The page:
For Resubmissions, the committee will evaluate the application as now presented, taking into consideration the responses to comments from the previous scientific review group and changes made to the project.
For Revisions, the committee will consider the appropriateness of the proposed expansion of the scope of the project. If the Revision application relates to a specific line of investigation presented in the original application that was not recommended for approval by the committee, then the committee will consider whether the responses to comments from the previous scientific review group are adequate and whether substantial changes are clearly evident.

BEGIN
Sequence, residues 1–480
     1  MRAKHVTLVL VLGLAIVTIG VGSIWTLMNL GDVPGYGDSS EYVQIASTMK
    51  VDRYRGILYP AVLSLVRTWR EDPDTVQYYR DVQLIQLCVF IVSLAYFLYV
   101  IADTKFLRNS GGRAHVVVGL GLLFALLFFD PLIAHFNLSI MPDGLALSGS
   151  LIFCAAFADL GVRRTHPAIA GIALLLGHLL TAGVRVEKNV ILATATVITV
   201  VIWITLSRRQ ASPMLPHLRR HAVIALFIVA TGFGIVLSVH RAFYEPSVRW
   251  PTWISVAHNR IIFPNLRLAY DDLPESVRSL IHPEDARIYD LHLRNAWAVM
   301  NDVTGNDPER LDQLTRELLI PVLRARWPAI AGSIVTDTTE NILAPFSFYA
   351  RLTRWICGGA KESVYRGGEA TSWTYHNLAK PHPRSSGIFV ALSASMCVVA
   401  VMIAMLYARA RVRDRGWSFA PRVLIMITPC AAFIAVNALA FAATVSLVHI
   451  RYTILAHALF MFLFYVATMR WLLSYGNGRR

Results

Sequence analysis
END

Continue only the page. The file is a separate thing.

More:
As applicable for the project proposed, reviewers will consider each of the following items, but will not give scores for these items, and should not consider them in providing an overall impact score.
Reviewers will assess whether the project presents special opportunities for furthering research programs through the use of unusual talent, resources, populations, or environmental conditions that exist in other countries and either are not readily available in the United States or augment existing U.S. resources.
Reviewers will assess the information provided in this section of the application, including 1) the Select Agent(s) to be used in the proposed research, 2) the registration status of all entities where Select Agent(s) will be used, 3) the procedures that will be used to monitor possession use and transfer of Select Agent(s), and 4) plans for appropriate biosafety, biocontainment, and security of the Select Agent(s).